Vision Intervention Part 1: In Which I Discover My Child Has a Vision Problem

by Andrea on August 4, 2012

Anabel's Crossed EyeThis little cutie pie is Anabel. She has strabismus, amblyopia, and astigmatism, wears glasses, and patches her right eye 3 hours a day.  This picture was taken before she got glasses and I’ve posted it because today I’m not writing about the glasses, the amblyopia, or the patching. I’m writing about how and when I even realized she had a vision problem to begin with.

I noticed her left eye crossing about 2 months before her 5th birthday. You can see it in the photo at left. It wasn’t obvious all the time but I noted it most often when sitting down to eat since she sat across the table from me. At that distance and in other circumstances at similar distances it always appeared crossed. It wasn’t happening all the time, and nobody else seemed to see it (at first), so I waited to see if it was just a fluke or if there was really something going on.

Early on, I didn’t feel any urgency to rush her to the doctor but before I knew it, her birthday came and went. She had her annual check up at the pediatrician’s office, but the doctor never noticed anything wrong and though I meant to, I forgot to mention the crossing eye. Four more months slid by. Her left eye was crossing more frequently and by then I began to pick up on other things that seemed to indicate Anabel might really have a vision problem requiring intervention.

Anabel at Sleeping Bear DunesSquinting was the next clue and she did it a lot. Especially outside in bright sun. Who wouldn’t squint in bright sunlight, right? But it was always and only her left eye, and she would cock her head to the side when she did it. It occurred to me she was doing the same thing at other times too, usually in brighter light, when she was tired, and when Anabel in Roscommonshe was watching tv or playing a computer game.

It now dawned on me that her cute and quirky little way of looking at me, smiling with her head cocked to the side and her left eye squinted shut, wasn’t just her being cute and quirky. Anabel was compensating to see properly.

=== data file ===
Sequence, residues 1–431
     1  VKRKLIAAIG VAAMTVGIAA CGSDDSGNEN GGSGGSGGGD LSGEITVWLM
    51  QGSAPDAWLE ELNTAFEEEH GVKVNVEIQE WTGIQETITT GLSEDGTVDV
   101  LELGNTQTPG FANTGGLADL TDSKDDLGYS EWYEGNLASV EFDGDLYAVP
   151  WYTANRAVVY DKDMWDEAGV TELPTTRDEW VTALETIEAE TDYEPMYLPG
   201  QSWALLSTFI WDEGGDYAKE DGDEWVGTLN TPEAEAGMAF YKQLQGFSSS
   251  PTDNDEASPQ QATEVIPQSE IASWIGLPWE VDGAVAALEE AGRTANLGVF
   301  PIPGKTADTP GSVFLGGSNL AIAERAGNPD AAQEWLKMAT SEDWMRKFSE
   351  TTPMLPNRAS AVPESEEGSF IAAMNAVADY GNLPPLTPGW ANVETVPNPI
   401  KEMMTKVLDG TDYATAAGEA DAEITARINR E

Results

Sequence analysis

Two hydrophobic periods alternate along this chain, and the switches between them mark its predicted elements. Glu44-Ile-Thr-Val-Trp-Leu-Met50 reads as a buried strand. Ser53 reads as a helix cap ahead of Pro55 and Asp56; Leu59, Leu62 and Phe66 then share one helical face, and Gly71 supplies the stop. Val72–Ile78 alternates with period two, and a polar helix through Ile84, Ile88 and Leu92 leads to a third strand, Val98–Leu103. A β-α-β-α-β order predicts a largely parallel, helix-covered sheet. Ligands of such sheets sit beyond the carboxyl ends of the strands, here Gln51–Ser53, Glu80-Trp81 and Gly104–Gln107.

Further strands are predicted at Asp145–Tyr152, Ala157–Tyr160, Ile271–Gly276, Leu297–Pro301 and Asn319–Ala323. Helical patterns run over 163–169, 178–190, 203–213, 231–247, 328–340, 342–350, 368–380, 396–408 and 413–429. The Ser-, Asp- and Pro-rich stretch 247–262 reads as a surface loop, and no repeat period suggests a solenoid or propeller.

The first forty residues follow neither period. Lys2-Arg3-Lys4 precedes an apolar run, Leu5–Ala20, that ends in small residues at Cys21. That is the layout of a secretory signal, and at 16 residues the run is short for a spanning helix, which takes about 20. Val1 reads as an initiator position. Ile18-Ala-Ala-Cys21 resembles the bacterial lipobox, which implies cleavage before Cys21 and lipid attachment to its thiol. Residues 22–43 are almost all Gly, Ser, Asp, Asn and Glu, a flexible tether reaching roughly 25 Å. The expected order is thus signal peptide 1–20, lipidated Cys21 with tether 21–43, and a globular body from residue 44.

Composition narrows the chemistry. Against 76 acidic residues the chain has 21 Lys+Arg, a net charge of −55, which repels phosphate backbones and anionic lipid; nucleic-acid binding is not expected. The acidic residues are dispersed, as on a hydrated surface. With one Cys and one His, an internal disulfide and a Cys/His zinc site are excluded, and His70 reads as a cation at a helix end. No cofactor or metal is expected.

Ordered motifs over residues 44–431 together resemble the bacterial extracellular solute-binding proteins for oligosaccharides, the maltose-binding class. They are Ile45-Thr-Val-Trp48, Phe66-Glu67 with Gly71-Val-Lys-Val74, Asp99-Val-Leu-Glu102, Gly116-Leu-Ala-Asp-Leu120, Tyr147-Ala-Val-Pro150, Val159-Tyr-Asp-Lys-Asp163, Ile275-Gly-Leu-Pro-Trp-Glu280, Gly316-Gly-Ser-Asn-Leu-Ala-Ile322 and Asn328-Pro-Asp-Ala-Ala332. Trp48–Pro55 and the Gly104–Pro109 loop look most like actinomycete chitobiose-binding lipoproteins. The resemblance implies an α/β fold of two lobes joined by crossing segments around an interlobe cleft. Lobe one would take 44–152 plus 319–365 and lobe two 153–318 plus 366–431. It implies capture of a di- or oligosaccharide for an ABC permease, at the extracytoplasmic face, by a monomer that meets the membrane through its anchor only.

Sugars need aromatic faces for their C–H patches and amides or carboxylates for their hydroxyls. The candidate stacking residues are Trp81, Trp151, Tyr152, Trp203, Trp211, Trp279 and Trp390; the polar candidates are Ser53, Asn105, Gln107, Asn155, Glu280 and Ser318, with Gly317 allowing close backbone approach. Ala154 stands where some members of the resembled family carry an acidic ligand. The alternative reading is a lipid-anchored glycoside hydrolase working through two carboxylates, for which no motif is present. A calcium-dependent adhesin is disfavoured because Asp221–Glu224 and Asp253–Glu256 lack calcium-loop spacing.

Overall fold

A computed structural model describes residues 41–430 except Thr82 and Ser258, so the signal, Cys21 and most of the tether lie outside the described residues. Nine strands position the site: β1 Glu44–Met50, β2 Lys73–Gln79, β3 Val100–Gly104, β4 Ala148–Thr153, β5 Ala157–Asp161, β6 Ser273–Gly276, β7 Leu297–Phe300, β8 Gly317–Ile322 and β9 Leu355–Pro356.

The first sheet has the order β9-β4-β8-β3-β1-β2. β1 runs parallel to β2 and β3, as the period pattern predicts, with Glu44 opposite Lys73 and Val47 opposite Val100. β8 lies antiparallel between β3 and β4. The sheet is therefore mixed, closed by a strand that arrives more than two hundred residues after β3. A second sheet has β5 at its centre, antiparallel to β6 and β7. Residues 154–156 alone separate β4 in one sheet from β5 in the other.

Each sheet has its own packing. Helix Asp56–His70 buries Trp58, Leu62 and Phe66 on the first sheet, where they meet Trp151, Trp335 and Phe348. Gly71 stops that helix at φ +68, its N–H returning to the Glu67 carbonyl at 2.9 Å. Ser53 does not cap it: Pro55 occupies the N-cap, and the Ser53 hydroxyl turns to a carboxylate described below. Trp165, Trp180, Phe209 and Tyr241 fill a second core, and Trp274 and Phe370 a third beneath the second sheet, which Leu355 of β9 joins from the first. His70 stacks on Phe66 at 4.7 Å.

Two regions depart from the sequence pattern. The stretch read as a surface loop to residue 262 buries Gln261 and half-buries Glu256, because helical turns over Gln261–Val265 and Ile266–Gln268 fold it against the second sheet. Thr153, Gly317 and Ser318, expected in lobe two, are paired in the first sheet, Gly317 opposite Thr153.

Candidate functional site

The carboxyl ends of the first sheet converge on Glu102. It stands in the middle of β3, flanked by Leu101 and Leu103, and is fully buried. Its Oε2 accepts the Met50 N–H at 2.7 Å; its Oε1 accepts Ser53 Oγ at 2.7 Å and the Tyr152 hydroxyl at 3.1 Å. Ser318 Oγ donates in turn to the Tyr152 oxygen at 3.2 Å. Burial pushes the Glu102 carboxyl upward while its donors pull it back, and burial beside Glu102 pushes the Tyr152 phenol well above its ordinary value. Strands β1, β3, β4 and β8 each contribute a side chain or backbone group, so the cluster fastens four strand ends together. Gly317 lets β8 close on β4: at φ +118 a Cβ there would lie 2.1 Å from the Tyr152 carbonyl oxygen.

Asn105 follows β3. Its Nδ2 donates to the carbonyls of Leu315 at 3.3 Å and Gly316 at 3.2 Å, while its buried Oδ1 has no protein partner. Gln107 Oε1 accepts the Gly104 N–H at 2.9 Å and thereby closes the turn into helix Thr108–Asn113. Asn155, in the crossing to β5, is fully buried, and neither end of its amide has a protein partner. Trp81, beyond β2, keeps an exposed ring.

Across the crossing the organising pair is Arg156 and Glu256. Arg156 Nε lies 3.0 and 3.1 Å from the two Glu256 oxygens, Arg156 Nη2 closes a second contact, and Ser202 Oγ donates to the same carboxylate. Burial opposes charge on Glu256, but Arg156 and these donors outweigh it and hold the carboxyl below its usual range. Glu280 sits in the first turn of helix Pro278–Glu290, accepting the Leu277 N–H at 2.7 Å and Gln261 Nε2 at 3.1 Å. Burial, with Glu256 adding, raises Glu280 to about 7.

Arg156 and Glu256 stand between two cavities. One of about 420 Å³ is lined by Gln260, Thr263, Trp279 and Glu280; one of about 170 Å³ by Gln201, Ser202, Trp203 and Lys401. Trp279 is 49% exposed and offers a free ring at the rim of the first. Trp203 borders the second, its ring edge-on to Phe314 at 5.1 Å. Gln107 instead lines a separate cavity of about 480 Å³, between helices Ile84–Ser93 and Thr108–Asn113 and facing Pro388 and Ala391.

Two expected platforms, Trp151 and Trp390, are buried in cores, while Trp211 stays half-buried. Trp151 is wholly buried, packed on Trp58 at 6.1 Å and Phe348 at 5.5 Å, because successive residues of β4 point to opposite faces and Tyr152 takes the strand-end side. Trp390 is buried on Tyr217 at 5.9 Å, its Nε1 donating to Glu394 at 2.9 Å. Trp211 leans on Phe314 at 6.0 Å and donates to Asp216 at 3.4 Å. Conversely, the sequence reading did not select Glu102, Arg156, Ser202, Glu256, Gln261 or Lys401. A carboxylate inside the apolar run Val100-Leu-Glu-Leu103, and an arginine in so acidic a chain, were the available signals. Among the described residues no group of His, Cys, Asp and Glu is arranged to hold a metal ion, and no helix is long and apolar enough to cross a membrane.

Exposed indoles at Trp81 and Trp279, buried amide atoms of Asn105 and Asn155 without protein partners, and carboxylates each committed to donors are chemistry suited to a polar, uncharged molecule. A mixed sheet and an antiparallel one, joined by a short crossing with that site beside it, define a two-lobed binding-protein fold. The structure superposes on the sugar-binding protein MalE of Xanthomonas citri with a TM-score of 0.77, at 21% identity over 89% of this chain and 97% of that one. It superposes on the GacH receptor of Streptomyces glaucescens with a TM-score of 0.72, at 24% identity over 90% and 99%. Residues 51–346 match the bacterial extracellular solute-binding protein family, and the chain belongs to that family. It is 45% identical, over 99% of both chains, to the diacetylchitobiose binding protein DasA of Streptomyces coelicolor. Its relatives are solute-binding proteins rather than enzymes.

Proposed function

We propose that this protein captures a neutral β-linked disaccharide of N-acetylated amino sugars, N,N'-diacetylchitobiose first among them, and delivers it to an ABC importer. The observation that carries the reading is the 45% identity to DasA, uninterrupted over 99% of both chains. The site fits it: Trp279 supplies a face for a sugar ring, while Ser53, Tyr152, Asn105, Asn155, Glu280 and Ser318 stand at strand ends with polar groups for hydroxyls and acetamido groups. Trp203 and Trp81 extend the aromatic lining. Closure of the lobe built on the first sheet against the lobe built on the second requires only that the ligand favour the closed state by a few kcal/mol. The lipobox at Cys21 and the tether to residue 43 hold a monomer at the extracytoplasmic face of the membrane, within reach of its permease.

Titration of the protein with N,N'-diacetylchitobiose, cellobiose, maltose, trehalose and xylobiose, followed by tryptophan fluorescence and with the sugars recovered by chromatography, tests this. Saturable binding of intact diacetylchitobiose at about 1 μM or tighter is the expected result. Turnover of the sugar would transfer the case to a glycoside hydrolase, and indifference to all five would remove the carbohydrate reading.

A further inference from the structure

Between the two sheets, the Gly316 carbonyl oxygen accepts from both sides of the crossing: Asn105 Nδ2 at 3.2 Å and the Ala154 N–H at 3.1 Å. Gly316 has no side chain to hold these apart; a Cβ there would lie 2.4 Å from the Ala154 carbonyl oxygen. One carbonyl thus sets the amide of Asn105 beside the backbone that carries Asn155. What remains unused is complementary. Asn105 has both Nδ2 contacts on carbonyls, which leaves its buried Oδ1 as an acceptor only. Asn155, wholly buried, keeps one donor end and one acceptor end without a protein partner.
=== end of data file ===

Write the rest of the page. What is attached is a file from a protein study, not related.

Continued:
I still second-guessed myself. In most of the photos we’d taken of her she didn’t appear cross-eyed or squinting. But a few did. Even photographs taken during the same vacation were inconsistent.

In retrospect, the squinting was an earlier symptom and the eye crossing came later. I just noticed the crossing first because it was abnormal.

Anabel 2 yearsPhotos taken indoors or on overcast days look very normal and the squint is minimal. All of the photos taken of Anabel in bright or direct sunlight show how much she had to squint and tilt her head to the side in an effort to see. In combing through old photos, I’ve found that her quirky little smile is there even at age 2! I now know she really was using her right eye to look at me and smile for pictures.  Little did I know how bad the vision was in her left eye.

The reality of her vision problem hit me suddenly. The clues began to fit together like puzzle pieces and reveal an obvious picture that had somehow been obscured from my own observation for so long. One day I asked Anabel if she ever had trouble seeing things.  I think she was surprised by the question but she answered. “Well, yeah…sometimes.” I asked her when she had trouble. She responded by putting her hands up and pointing in opposite directions on either side of her head. “When this eye goes this way, and this eye goes that way,” she said. “Anabel,” I asked, “what does it look like when your eyes do that? What do you see?” Her answer shouldn’t have surprised me but it did. “Sometimes I see two things.” It was at that moment all of my suspicions and second-guessing came to an end. My poor little girl had been having double vision and I’d allowed months to go by with it unchecked! The time had come. In my mind the time was long overdue. I would take her to a pediatric ophthalmologist. And now it seemed I couldn’t get her there soon enough.

To be continued in Part 2: In Which We Head to the Doctor and Get a Diagnosis.



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